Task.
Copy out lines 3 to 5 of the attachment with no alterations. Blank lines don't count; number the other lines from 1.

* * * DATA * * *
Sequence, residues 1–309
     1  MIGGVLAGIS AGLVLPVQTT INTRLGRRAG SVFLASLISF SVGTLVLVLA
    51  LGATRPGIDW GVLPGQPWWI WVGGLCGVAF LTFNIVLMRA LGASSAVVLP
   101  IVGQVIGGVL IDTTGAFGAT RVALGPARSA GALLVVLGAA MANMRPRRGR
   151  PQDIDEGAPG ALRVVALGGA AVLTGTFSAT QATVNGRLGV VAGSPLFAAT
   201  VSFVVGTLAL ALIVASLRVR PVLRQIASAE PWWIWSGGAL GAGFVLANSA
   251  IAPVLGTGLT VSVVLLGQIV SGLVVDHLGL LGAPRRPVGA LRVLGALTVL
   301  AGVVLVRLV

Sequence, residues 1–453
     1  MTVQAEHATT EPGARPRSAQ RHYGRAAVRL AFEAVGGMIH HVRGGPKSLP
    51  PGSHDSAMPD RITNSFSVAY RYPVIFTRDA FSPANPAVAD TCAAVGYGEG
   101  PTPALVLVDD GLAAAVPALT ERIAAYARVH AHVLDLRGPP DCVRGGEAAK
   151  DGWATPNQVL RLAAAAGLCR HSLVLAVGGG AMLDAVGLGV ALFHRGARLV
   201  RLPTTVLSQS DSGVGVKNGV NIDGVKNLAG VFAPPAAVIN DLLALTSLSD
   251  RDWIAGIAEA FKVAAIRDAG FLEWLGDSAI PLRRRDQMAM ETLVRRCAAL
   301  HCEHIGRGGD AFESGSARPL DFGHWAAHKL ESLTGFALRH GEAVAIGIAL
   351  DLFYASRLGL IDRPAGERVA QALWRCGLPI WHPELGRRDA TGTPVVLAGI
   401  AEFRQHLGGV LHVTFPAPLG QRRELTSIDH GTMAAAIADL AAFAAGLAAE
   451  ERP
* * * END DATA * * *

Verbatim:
    51  LGATRPGIDW GVLPGQPWWI WVGGLCGVAF LTFNIVLMRA LGASSAVVLP
   101  IVGQVIGGVL IDTTGAFGAT RVALGPARSA GALLVVLGAA MANMRPRRGR
   151  PQDIDEGAPG ALRVVALGGA AVLTGTFSAT QATVNGRLGV VAGSPLFAAT